Hacking Tools

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  • Topic: Hacker, Hackers: Heroes of the Computer Revolution, Computer
  • Pages : 21 (3685 words )
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  • Published : September 27, 2005
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INTRODUCTION

The word 'hacker' is used in two different but associated

ways: for some, a hacker is merely a computer enthusiast of any kind,

who loves working with the beasties for their own sake, as opposed to

operating them in order to enrich a company or research project --or

to play games.

This book uses the word in a more restricted sense: hacking is a

recreational and educational sport. It consists of attempting to make

unauthorised entry into computers and to explore what is there. The

sport's aims and purposes have been widely misunderstood; most

hackers are not interested in perpetrating massive frauds, modifying

their personal banking, taxation and employee records, or inducing

one world super-power into inadvertently commencing Armageddon in the

mistaken belief that another super-power is about to attack it. Every

hacker I have ever come across has been quite clear about where the

fun lies: it is in developing an understanding of a system and

finally producing the skills and tools to defeat it. In the vast

majority of cases, the process of 'getting in' is much more

satisfying than what is discovered in the protected computer files.

In this respect, the hacker is the direct descendant of the phone

phreaks of fifteen years ago. Phone phreaking became interesting as

intra-nation and international subscriber trunk dialling was

introduced, but when the London-based phreak finally chained his way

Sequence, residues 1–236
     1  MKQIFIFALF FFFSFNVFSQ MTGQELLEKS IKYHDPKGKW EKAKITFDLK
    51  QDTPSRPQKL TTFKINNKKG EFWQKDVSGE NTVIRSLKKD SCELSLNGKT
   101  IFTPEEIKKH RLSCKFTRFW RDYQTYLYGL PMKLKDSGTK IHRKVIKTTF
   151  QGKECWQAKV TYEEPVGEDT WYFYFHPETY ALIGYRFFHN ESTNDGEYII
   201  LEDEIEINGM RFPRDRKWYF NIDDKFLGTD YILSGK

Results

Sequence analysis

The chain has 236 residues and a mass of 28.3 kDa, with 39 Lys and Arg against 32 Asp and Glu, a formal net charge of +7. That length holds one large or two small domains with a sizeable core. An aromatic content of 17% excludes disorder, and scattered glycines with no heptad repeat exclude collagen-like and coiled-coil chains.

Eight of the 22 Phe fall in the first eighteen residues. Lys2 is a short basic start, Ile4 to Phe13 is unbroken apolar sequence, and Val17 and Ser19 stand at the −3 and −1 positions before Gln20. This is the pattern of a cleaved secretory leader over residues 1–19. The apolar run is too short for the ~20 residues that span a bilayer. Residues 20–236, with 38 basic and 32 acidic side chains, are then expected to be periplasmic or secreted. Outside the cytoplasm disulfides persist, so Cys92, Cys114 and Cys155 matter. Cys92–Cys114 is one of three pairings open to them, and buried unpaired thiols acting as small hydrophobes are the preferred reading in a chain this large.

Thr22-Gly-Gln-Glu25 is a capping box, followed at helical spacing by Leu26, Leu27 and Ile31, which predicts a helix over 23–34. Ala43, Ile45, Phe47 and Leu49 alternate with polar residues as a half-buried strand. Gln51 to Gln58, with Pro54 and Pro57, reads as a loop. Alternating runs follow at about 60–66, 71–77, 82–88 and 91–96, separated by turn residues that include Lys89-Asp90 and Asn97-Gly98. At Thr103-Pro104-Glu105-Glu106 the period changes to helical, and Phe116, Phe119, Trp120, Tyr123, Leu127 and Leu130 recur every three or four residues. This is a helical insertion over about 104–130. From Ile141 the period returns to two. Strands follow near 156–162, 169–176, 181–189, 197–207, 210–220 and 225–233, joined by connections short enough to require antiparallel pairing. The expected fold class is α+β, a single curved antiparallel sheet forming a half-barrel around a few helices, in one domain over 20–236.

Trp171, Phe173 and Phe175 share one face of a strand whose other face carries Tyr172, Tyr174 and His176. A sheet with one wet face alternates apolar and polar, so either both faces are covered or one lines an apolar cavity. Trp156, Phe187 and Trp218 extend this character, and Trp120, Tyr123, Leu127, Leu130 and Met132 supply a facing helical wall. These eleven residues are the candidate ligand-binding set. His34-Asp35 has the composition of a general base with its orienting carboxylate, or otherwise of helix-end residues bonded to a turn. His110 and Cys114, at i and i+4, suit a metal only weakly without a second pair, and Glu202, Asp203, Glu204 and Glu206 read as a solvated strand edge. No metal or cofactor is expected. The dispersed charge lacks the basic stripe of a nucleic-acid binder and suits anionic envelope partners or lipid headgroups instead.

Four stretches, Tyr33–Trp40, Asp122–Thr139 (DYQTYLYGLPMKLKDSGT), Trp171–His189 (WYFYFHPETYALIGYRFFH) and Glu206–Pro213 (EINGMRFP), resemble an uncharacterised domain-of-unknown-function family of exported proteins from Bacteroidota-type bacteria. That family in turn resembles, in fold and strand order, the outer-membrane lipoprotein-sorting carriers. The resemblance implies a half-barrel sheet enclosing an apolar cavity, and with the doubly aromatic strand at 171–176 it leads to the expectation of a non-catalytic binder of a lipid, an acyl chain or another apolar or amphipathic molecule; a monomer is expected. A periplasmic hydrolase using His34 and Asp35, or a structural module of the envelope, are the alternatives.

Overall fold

through to Hawaii, he usually had no one there to speak to except the

local weather service or American Express office, to confirm that the

desired target had indeed been hit. One of the earliest of the

present generation of hackers, Susan Headley, only 17 when she began

her exploits in California in 1977, chose as her target the local

phone company and, with the information extracted from her hacks, ran

all over the telephone network. She 'retired' four years later, when

friends started developing schemes to shut down part of the phone

system.

There is also a strong affinity with program copy-protection

crunchers. Most commercial software for micros is sold in a form to

prevent obvious casual copying, say by loading a cassette, cartridge

or disk into memory and then executing a 'save' on to a

** Page VII

blank cassette or disk. Copy-protection devices vary greatly in

their methodology and sophistication and there are those who, without

any commercial motive, enjoy nothing so much as defeating them. Every

computer buff has met at least one cruncher with a vast store of

commercial programs, all of which have somehow had the protection

removed--and perhaps the main title subtly altered to show the

cruncher's technical skills--but which are then never actually used

at all.

Perhaps I should tell you what you can reasonably expect from this

handbook. Hacking is an activity like few others: it is semi-legal,

seldom encouraged, and in its full extent so vast that no individual

or group, short of an organisation like GCHQ or NSA, could hope to

grasp a fraction of the possibilities. So this is not one of those

books with titles like Games Programming with the 6502 where, if the

book is any good and if you are any good, you will emerge with some

mastery of the subject-matter. The aim of this book is merely to give

you some grasp of methodology, help you develop the appropriate

attitudes and skills, provide essential background and some

referencing material--and point you in the right directions for more

knowledge. Up to a point, each chapter may be read by itself; I have

compiled extensive appendices, containing material which will be of

use long after the main body of the text has been absorbed.

It is one of the characteristics of hacking anecdotes, like those

relating to espionage exploits, that almost no one closely involved

has much...
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